Welcome to the NRIN website

The Netherlands Research Integrity Network (NRIN) aims to facilitate collaboration, exchange and mutual learning among all actors in the field of Research Integrity (RI) and everybody who is interested in the topic. Read more about NRIN’s goals (more…).
 
Stay up to date: Sign up for the Netherlands Research Integrity Network here or use the button in the top menu. You can choose to receive NRIN newsletters and invitations to relevant activities.
Get started to find what’s relevant for you: my interest in RI is…

 

Recent news:

 

Launch of the Revised Code of Conduct for Research Integrity (ALLEA)

All European Academies (ALLEA) published the revised European Code of Conduct for Research Integrity.
Read more about the writing of the revised code on the website of ALLEA.


Vacancy: PostDoc “Optimizing the responsible researcher: towards fair and constructive academic advancement”

The vacancy described below is also available on Academic Tranfer. Application deadline: March 31th, 2017
 

Job title: Postdoctoral Researcher Science and Evaluation Studies
Fte: 0.8
Project: “Optimizing the responsible researcher: towards fair and constructive academic advancement”
Leiden University, Faculty of Social and Behavioural Sciences (more…)


Vacancy: PostDoc The Myth of Null-hypothesis Significance Testing in Scientific Research

The vacancy described below is also available in Dutch on Academic Tranfer. Application deadline: March 30th, 2017
 
Job title: Postdoc The Myth of Null-hypothesis Significance Testing in Scientific Research
Fte: 0.8 (more…)


ICAI Webinar series on academic integrity: community building; role of faculty and plagiarism

The International Center of Academic Integrity spring webinars take place from February 22th till April 28th. On this page you can find an overview of the online coursers and confirmed speakers. Note that the courses are freely available for ICAI members and their guests. (more…)


The Anatomy Lesson by John Ioannidis is now online

The ‘Anatomische les’ (Anatomy Lesson) by John Ioannidis is now available on YouTube.

Read more about the Anatomy Lesson.


Interview with prof. Lex Bouter on the problems of science today (in Dutch)

Science is no longer a profession but it has become a ‘carriere’. And a very popular one; only 20 to 30 percent of the phd-students who aspire to work as scientists in the future succeed. There is simply not enough space to place them all. This is one of the interesting observations that Lex Bouter, professor of Methodology and Integrity (VU University), makes in this NRC newspaper interview (Dutch language) on the problems of science today. (more…)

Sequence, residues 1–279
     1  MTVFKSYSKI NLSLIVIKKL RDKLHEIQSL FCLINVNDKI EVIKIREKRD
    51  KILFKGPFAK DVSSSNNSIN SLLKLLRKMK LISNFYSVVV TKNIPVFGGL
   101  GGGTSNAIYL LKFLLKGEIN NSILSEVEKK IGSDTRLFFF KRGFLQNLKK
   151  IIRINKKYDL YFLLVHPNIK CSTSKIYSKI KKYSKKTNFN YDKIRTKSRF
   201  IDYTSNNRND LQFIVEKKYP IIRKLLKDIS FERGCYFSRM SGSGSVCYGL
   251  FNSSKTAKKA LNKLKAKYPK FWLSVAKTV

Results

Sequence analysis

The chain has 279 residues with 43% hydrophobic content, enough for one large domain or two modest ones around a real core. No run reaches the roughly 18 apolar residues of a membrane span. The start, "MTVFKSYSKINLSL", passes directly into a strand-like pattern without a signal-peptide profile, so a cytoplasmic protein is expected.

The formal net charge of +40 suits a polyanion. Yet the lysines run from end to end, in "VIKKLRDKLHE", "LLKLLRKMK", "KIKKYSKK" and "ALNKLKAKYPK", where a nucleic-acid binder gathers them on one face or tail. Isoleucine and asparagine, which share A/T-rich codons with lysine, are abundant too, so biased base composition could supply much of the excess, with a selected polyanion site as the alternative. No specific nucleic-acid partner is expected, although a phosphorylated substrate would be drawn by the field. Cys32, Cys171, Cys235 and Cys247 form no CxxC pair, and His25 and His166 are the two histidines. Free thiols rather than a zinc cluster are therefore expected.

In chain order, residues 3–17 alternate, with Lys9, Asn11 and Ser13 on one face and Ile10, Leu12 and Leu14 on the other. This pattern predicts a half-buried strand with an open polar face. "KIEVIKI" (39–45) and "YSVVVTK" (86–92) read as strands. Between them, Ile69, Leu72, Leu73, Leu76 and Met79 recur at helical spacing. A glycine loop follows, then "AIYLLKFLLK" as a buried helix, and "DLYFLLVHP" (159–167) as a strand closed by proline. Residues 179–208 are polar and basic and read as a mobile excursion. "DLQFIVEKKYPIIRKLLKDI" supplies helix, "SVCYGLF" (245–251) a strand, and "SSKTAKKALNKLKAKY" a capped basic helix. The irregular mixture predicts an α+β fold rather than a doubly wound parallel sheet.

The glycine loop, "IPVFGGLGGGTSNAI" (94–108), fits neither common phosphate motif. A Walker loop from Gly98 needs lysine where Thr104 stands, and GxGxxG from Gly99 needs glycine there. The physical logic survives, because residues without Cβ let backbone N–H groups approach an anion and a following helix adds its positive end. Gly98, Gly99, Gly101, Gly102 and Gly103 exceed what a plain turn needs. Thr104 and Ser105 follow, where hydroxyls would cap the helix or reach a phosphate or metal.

Interview with Prof. Lex Bouter on Sloppy Science

In this short interview (Science Guide, Dutch language) Lex Bouter, professor of Methodology and Integrity at VU University, talks about the problem of sloppy research. Bouter argues that the current focus on serious violations of research integrity, such as fraud and falsification, conceals the fact that Questionable Research Practices are just as much –maybe even bigger- a threat to the scientific project. He then makes a case for more research and education on Questionable Research Practices (or ‘sloppy science’).


Interview (in Dutch) about the movie ‘On being a scientist’

In this short news article (Dutch language, 2016) the Dutch philosopher Bas Haring talks about the fictional movie On Being a Scientist, which he produced in collaboration with the director Joost van Ginkel. Haring explains that the movie aims to raise students’ awareness of research integrity and to prepare them for the problems and dilemma’s (the ‘dark side’ of science) they could encounter as scientists. He emphasizes that it does not provide clear-cut answers or step-by-step solutions but instead invites students to reflect and think for themselves. On Being a Scientist was funded by the Leiden University and is freely available on youtube.


Criminologists scrutinise academia in wake of scientific scandals

While scientific misconduct has never been given much attention by criminologists, over the last few years things have changed. In this short interview, Rita Faria, a lecturer in criminology at the University of Porto, explains how ’recent scientific scandals have prompted a surge of interest from criminologists into the “occupational crime” that occurs in universities.’ The term occupational crime refers to a crime that occurs as part of a job, such as white collar or “elite” crime.


A manifesto for reproducible science

‘Reproducible research practices are at the heart of sound research and integral to the scientific method.’ However, research has shown that the practice of reproducibility faces many challenges that are both cultural and systematic. The question has been raised to what extend these challenges can be met…

In this manifesto the authors make a case for optimism. (more…)


NRIN © 2014